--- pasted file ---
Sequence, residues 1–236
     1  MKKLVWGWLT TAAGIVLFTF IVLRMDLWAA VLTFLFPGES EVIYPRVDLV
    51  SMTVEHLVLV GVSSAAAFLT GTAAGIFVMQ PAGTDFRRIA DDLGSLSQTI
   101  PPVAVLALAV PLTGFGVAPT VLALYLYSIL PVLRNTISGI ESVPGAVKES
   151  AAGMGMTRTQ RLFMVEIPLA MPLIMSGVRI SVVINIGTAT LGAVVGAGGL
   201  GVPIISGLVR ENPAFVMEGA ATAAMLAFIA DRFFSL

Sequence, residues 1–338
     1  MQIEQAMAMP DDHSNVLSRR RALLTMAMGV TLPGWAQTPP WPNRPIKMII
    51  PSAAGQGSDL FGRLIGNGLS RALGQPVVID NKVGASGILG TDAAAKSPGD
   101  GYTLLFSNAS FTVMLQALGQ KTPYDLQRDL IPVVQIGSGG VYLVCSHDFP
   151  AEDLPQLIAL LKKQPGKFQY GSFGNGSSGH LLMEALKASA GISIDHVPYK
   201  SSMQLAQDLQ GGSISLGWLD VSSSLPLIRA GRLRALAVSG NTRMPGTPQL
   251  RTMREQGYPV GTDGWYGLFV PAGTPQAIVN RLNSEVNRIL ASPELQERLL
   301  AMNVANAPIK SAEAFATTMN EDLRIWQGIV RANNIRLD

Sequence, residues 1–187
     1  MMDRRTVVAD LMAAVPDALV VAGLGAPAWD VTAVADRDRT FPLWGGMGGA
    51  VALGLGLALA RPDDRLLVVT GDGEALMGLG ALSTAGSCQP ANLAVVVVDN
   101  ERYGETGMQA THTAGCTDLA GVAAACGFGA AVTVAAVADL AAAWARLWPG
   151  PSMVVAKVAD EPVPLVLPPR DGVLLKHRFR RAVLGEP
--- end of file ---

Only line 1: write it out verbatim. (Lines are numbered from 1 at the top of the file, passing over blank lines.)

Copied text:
Sequence, residues 1–236